Jun 04, 2013 - 3:58 pm
My mother who is 54 years old, has been having certain problems communicating for probably the last year and a half and she kept a lot of things, as far as emotions go, to herself. Everyone suspected that because of that, it was an emotional thing due to what we've been through in the past two years (our house was flooded and destroyed, we lost my brother, my aunt passed, friends passed, etc). Last Summer she thought she might have had a stroke. She didn't have any loss of strength or slurred speech or anything that made her weaker in any way, so she never mentioned it to her regular doctor. We moved once again into a perminent home, life went back to normal in the new place. She still had trouble communicating but there was no other problems. up until at the end of April of this year, she had a memory lapse for four hours. She worked through it and a few days later, had a little more problem communicating. She mentions that she knows what she wants to say but sometimes, when she gets to a word, she goes blank and she can't say it, even though she knows what it is. Her boss took her to employee health and that was that. She wasn't allowed to come back to work until she got an MRI done and checked for stroke. In the time it took to get appointments and such, she got off of Cymbalta which she admitted made her think more clear. Even after, she had one tiny memory lapse that a doctor later said could have been a mini-seizure. It only lasted for a minute and then it was gone. She got a call two weeks ago saying that she needed to be in the hospital because she had lots of swelling on the brain. She went in and underwent tests and later that week, a biopsy. They ran through the possibility of infection to possibly anything else. It was the size of a baseball they said. Every doctor was surprised to see that she had no headaches, no problems walking, her strength was good, she thought, for the most part, clearly, and she could function completely normal despite the swelling and the size of the mass.
After the biopsy, the frozen sample, they said, looked like Anaplastic Astrocytoma. The doctor told us that it was slow-growing and that despite that, it could come back as a grade IV on the perminent due to how big it is. He also mentioned that it was too deep to cut out and in a bad place (left-frontal lobe). He said realistically, she may have anywhere from maybe a year to five but reminded us that they still didn't know for sure. They sent her back to her room and she came out of anasthesia quickly and was doing good and thinking clearly and communicating better. They sent her home the next day and she decided to stay with my uncle's until the perminent results came back. Tomorrow, she gets those results and she's so nervous right now that she mentioned to me today that she didn't think she'd be able to sleep. She is scared of what it's going to come back as but admits that there's nothing she can do about what's there except just go through treatment and fight it. It worries me that she's worried. The other doctors including another surgeon and the man who will be her radiologist and even her other neurologist seem optimistic given how well she's handled things so far. They've told her that no matter what it is, for her not to give up because they've seen people who shouldn't be living, live for years after and even still going today. While that is comforting to an extent, the only person we've had in our family that had a brain tumor was my brother and he gave up quickly. We tried to keep him positive but he just wouldn't let it seep in. He passed of a grade IV Astrocytoma almost exactly two years after he first started having symptoms. Of course, he was actually way worse off and his tumor looked better according to doctors, than mom's does right now which is why, I think, they're shocked she's doing so good.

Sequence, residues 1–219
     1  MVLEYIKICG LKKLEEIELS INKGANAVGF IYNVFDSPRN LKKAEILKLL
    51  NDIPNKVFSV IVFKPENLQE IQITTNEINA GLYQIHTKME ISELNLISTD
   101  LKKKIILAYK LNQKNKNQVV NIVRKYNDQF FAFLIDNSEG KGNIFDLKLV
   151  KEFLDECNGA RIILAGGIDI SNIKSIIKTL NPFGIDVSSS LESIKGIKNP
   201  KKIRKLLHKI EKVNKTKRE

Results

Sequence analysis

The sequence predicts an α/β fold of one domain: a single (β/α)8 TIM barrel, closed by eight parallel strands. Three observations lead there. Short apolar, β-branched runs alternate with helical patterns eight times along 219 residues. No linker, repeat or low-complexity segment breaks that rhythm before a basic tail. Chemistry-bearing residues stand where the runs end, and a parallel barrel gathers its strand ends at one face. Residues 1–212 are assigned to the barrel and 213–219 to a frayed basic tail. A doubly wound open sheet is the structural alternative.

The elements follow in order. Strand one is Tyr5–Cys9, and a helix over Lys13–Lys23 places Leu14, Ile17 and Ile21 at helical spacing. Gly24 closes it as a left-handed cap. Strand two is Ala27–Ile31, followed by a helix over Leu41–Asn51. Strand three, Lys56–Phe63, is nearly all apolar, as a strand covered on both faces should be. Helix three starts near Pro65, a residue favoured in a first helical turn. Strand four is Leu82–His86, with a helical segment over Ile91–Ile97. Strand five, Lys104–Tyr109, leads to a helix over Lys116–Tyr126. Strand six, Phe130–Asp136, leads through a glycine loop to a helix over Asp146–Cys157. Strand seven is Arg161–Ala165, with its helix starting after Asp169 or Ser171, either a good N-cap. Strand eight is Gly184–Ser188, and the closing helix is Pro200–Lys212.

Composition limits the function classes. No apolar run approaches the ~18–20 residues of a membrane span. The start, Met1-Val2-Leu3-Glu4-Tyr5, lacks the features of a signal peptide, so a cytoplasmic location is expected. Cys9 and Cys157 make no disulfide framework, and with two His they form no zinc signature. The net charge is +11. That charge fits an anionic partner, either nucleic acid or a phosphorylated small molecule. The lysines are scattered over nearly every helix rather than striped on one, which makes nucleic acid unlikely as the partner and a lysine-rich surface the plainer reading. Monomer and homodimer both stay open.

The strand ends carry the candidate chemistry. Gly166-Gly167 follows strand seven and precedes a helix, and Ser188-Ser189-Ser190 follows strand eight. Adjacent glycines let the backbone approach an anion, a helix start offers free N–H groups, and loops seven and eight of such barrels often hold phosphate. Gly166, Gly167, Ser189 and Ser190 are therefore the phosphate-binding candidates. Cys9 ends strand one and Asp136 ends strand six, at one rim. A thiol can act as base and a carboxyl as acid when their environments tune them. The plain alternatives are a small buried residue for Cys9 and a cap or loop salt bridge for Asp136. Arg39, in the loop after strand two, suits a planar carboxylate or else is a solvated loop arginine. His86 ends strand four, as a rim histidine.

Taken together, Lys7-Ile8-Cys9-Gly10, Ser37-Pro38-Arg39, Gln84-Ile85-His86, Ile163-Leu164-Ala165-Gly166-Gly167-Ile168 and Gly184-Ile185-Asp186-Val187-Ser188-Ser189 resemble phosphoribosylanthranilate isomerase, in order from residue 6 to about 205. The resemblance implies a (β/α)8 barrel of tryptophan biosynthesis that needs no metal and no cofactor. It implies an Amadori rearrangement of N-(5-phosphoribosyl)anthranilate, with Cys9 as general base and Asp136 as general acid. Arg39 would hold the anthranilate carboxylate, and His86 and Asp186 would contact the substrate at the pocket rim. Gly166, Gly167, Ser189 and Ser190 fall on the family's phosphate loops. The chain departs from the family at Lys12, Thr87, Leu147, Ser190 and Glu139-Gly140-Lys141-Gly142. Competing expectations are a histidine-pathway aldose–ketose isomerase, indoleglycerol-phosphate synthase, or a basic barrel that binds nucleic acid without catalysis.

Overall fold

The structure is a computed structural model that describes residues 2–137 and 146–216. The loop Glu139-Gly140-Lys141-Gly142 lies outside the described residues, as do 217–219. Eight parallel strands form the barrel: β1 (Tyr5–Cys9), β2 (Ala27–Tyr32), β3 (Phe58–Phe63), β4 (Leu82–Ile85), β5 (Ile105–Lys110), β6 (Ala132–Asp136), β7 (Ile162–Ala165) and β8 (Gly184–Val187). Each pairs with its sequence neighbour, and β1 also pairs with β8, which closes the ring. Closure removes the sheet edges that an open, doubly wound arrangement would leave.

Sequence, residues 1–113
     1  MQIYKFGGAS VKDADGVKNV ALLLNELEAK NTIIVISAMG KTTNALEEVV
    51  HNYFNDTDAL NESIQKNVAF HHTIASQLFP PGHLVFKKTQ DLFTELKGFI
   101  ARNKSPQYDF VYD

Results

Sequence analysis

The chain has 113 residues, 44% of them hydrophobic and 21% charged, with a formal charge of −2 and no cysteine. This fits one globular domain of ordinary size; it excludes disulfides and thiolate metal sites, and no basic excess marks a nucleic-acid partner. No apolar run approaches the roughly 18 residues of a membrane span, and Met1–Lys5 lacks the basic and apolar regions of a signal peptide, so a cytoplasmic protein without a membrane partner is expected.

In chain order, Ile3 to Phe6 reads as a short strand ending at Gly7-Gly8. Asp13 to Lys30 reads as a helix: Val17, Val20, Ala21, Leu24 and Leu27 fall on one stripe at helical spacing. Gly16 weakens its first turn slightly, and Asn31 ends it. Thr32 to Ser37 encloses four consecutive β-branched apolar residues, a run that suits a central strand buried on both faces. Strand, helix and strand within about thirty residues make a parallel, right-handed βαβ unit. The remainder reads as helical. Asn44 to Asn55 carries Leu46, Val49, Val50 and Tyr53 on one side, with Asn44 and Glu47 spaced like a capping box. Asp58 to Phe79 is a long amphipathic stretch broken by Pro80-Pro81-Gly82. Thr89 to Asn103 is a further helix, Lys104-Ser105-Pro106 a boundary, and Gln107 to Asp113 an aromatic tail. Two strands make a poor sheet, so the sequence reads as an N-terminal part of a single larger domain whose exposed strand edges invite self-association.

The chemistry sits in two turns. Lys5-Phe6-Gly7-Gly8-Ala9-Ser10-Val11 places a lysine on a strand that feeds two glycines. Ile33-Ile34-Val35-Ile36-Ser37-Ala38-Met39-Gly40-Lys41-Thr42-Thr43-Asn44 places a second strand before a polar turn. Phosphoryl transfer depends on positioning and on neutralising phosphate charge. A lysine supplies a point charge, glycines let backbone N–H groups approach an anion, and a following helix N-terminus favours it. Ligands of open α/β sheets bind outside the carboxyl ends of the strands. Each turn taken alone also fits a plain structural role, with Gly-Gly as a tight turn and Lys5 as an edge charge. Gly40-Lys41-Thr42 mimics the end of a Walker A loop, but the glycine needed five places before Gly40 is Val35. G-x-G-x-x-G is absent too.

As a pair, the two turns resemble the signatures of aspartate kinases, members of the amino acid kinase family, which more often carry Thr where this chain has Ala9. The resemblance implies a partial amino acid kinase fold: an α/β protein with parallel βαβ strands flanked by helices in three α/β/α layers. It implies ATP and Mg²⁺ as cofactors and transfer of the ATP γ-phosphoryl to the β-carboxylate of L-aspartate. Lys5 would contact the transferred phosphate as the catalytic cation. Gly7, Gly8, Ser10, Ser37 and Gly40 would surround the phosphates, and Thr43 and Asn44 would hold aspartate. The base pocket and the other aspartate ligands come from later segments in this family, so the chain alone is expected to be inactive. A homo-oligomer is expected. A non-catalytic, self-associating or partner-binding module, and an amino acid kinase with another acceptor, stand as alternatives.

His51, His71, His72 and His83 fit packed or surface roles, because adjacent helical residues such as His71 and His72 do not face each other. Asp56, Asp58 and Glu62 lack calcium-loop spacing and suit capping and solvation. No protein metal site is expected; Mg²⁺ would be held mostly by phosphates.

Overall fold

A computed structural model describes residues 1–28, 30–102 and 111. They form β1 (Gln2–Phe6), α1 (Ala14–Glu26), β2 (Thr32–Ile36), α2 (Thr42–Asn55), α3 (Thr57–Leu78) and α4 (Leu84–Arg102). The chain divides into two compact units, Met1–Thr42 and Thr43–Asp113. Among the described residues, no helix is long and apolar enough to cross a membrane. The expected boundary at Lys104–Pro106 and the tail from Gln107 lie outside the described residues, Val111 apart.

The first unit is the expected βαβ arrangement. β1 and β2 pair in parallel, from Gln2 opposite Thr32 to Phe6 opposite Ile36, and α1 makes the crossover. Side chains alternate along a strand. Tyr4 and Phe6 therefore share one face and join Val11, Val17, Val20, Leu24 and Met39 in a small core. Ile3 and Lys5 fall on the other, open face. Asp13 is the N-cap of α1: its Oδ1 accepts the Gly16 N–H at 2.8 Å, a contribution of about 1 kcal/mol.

My question is, should I put much stock into survivability time frames? My mom and I got to talking and she wants to see my fiance' and i get married and have kids and she wants to watch my nephews grow up and she seems ready to fight this, whatever it may be comfirmed as, but she's worried that she won't get to.